Monday, March 30, 2015

You Only Need to be Slightly Better than the Competition

On a Sunday motorcycle ride my bike suffered a flat tire. I wasn’t hurt and the bike wasn’t damaged. Fortunately I was close to a mall. The Canadian Tire store in that mall wasn’t able to repair the flat but the service manager allowed me to store my bike in the shop over the weekend. That was an unexpected friendly gesture. Storing the bike inside was much better than leaving the bike in the parking lot over the weekend.

motorcycle flat tire
On Monday I started calling motorcycle shops to arrange pick up and repair. I was surprised at the responses.

The first shop was less than a mile from the Canadian Tire store. The person who answered the phone said,

 “Nah, I’m booked solid and everyone’s screaming for their bike. I have to turn you down. I don’t want your business.”

Wow. That was a brutal rejection that I didn’t expect. I won’t call them again and I can only imagine why people might be screaming.

The second shop was closest to my home. The person responded with,  

“I’m busy today. Call me tomorrow.”

I wondered, “Why can’t you take my call now? Why should I call you back tomorrow?”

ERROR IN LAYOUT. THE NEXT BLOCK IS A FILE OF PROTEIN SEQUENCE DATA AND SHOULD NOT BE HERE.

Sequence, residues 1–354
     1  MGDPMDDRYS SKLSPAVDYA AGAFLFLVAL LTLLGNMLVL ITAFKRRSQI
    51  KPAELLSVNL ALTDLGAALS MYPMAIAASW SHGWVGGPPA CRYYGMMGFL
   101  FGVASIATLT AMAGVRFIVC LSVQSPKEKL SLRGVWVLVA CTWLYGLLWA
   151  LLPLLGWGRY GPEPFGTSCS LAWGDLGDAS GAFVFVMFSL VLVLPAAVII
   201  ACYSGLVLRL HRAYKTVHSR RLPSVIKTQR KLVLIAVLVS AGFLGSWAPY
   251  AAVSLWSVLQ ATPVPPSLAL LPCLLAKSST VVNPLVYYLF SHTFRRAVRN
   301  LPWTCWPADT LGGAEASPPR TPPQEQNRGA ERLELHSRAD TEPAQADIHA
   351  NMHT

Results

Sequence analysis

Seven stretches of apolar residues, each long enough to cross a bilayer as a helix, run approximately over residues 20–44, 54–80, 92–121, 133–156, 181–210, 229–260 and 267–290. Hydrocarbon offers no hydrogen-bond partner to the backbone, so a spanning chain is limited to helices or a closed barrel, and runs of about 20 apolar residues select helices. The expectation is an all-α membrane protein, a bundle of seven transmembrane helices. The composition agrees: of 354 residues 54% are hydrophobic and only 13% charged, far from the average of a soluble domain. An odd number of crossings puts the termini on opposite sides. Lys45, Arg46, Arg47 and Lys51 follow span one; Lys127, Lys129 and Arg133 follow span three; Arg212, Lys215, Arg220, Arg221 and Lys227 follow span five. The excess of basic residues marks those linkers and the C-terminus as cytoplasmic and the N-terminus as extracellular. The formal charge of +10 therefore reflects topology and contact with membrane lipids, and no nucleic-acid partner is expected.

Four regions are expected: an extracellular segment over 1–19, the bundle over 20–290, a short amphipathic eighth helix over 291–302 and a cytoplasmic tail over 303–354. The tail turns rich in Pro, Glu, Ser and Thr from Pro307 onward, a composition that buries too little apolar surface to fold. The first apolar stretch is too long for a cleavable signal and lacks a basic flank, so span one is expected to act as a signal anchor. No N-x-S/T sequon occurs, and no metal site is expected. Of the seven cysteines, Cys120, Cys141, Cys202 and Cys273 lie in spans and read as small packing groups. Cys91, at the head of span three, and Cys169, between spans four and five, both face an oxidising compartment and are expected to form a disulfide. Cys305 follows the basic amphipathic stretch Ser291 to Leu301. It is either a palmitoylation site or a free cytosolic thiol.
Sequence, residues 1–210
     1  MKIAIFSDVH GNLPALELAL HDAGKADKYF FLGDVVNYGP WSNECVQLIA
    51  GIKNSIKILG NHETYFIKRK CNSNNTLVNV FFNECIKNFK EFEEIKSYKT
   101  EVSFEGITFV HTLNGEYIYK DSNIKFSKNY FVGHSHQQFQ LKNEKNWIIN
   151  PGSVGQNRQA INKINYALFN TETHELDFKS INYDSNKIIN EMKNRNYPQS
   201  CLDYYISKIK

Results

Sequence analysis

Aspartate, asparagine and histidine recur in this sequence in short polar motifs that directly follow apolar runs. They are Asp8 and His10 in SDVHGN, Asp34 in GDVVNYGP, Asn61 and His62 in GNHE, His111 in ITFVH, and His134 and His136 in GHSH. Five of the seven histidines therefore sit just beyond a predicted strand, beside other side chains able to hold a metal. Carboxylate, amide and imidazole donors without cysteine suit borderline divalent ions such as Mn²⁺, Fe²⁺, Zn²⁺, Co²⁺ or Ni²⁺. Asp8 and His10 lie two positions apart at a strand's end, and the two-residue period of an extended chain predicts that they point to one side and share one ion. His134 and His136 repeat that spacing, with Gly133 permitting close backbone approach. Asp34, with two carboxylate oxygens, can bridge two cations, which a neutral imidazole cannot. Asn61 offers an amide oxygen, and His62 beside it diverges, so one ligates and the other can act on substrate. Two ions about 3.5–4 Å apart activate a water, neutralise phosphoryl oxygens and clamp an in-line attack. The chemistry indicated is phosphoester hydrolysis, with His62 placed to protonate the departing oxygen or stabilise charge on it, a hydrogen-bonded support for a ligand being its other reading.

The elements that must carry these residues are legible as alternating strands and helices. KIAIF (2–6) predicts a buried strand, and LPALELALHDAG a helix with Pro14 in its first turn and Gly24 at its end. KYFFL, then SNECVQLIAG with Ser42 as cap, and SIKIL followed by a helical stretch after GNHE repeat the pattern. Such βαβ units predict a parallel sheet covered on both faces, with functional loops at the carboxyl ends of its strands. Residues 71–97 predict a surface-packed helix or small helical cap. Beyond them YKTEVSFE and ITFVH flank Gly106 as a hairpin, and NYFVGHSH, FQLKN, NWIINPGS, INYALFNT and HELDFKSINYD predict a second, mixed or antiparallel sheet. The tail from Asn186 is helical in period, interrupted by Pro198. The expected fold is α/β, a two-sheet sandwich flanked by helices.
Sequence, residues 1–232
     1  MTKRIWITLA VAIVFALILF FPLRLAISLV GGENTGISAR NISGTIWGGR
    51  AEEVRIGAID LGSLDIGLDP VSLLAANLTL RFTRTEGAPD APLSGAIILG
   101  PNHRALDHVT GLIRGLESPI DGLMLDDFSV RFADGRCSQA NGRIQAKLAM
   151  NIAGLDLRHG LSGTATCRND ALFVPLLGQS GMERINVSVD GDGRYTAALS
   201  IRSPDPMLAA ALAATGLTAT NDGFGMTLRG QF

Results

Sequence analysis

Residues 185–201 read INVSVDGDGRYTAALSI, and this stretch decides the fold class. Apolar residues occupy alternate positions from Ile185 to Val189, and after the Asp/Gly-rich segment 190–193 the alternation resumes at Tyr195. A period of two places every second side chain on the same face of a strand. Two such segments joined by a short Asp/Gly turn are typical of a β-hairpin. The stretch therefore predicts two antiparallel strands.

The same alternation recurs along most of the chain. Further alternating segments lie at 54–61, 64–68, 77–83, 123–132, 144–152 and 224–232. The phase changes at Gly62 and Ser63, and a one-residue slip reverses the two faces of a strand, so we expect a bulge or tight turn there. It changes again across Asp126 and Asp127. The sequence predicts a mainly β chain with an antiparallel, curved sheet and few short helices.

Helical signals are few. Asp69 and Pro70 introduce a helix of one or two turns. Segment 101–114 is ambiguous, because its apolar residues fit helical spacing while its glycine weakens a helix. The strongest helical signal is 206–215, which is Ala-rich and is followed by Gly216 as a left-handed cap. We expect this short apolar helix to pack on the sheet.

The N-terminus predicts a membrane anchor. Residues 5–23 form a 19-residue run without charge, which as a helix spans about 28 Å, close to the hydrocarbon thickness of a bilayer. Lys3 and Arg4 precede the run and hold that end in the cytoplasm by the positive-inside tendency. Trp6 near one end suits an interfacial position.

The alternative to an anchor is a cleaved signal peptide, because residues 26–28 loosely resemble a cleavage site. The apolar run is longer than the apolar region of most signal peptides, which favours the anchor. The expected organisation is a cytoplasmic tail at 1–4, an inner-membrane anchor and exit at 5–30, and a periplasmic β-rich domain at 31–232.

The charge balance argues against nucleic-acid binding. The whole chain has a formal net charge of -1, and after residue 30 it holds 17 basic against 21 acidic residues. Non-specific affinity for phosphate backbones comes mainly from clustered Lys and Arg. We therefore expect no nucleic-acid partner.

By the time I called the third shop my expectations were greatly diminished. The person said, “I can pick it up tomorrow.”

Wow! That sounded promising. Tomorrow was the best promise I’d heard so far. Then he added that he might not examine the bike until Thursday. The bike might not be available until Saturday. That was the best promise yet. I told him that I’m a weekend rider so Saturday or Sunday was good.

A Few Questions
Why were the people at the first two shops so negative? Why did no one ask me about my expectations? Is that a symptom of the industry or simply bad retail service?

Tuesday morning I waited for the service truck at the arranged time. Fifteen minutes after the scheduled pick-up time I called the shop to check the status. The shop person didn’t apologize for the lateness. Instead she said that the truck should be there soon. The person picking up my bike was 30 minutes late. He didn’t apologize either.

It looks like there is room for motorcycle shops to improve their attitude and customer service. Naturally attitude and customer service have much in common.

It’s curious that the friendliest person was the service manager at the Canadian Tire store. He had no immediate gain from me. They don’t repair motorcycles nor do they sell motorcycle accessories. They specialize in automotive, house and garden.

I will remember the snubs and the kind gesture.

George Torok Keynote Marketing Speaker Co-author of Secrets of Power Marketing Get your free copy of "50 Power Marketing Ideas" Power Marketing on FaceBook Marketing Zoo on Twitter Share/Save/Bookmark

1 comment:

James Burchill said...

You might also consider joining the CAA :-)